Retired pension specialist, Robert Yonge, is the new President of the Rotary Club of Canterbury. He took over from last year’s president, Richard Kemball-Cook at the club’s annual hand-over meeting last Tuesday (6th July).
Robert, 68, from Herne Bay, is the former Director of Pensions for the multi-national company, De La Rue, and becomes the 89th president of the club which was chartered (founded) in 1922.
Robert Yong (left) receives the Presidential chain of office
from outgoing president, Richard Kembal-Cook
Robert says his aims for the next twelve months are for the club to continue its successful fund-raising programme whilst having fun and fellowship in the process. One objective Robert’s set himself for his Presidential Year is to focus the Club’s practical and financial support on local community projects.
He said: "The Rotary Club of Canterbury has an excellent track record in fund-raising and I’m looking forward to the Club being able to support specific community projects throughout the Canterbury area. Service in the community is very important to our Club." He added: "One particular initiative I will be promoting will be a Prostate Cancer Awareness Day. This terrible disease is a big killer but it need not be if men were better informed. I hope that in some small way we will be able to improve the local level of information."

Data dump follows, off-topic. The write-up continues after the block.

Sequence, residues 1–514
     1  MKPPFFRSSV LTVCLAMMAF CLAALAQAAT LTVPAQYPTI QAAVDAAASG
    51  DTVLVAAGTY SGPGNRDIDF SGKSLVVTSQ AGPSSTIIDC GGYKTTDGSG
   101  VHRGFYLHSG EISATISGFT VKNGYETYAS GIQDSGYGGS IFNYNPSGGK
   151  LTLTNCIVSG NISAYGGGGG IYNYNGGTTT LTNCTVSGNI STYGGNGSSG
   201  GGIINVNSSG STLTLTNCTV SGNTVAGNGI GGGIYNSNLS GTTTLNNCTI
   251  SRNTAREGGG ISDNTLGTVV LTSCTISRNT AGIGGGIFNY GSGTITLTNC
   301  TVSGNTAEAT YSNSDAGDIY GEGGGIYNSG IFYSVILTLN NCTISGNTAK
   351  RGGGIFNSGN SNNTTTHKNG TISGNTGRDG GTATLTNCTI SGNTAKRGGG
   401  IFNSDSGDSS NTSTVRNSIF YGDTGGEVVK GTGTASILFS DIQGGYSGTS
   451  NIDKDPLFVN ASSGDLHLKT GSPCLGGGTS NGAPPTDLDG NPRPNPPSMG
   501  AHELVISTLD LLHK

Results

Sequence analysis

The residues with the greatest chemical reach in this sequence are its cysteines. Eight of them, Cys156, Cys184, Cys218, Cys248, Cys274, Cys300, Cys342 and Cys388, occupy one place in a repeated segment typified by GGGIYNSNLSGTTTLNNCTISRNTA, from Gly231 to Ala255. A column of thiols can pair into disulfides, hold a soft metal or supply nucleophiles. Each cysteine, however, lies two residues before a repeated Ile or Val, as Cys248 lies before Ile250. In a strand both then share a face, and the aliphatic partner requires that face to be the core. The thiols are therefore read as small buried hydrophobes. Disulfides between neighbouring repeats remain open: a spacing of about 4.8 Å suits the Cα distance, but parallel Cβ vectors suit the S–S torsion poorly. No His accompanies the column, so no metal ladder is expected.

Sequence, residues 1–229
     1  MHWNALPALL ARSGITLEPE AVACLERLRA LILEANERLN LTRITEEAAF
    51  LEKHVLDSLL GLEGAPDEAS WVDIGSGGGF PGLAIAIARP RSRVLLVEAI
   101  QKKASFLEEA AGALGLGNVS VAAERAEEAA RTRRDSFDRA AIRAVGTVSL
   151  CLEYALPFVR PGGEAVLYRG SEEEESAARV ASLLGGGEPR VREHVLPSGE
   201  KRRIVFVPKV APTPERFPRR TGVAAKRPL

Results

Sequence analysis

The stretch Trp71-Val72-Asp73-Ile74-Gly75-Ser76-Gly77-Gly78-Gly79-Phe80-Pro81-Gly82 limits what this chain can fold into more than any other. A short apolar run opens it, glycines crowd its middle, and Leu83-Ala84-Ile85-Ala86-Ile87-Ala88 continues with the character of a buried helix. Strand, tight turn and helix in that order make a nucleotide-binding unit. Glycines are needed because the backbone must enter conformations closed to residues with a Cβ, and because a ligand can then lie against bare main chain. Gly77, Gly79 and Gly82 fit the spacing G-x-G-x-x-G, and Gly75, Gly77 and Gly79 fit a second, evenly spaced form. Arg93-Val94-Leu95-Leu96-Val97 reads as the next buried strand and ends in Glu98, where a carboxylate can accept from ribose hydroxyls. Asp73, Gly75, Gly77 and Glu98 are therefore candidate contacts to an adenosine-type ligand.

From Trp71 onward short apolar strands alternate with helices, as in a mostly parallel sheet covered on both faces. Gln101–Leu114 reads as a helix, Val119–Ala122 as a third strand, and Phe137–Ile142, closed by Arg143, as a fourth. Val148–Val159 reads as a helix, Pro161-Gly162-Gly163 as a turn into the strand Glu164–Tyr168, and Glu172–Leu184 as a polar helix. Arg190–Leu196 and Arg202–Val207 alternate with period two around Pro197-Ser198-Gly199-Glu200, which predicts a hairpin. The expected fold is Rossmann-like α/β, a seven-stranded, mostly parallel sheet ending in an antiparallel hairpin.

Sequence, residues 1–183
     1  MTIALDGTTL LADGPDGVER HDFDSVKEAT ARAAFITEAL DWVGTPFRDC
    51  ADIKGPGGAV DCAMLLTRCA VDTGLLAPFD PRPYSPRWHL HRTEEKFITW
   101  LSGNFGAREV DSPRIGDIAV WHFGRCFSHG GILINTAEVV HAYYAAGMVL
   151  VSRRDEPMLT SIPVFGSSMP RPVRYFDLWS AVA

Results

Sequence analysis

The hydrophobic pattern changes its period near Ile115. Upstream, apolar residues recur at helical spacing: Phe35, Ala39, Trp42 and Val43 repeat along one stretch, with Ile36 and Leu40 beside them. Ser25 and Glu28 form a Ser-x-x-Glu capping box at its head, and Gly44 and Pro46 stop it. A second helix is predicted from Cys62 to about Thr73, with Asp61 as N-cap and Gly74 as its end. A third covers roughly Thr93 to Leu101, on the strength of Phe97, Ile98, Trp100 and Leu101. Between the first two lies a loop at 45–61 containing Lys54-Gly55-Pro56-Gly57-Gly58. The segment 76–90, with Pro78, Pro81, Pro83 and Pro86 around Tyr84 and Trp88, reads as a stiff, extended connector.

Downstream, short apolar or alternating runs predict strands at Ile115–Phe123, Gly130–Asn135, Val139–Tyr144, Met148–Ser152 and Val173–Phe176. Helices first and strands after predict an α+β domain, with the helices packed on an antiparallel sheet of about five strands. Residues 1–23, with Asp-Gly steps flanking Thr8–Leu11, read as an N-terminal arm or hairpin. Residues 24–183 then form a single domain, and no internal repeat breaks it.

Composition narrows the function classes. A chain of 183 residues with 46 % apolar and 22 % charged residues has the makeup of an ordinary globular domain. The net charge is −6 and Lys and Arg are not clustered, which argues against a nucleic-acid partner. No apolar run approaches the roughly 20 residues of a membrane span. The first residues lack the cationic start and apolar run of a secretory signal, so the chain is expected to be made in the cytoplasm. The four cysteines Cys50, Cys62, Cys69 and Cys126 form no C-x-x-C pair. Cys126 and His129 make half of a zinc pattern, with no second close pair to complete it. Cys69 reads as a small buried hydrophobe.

Robert Yonge’s financial background has made him only too aware of the pressure the current financial crisis has placed on peoples’ incomes and pensions. He says he’s determined to ensure that the cost of Rotary to its members is both affordable and fun. He said: "Our Club takes its Rotary very seriously, however we never forget that all our members are volunteers so we do our very best to have a lot of fun so as to ensure we enjoy our Rotary and do some good for society."
Away from Rotary, Robert is an avid railway modeller and travels widely with his wife Jenny, and when at home he has two grand-children and a dog to keep him occupied. A keen sportsman, Robert confesses to doing more spectating than participating these days and - in his own words - describes himself as, "a keen but poor golfer".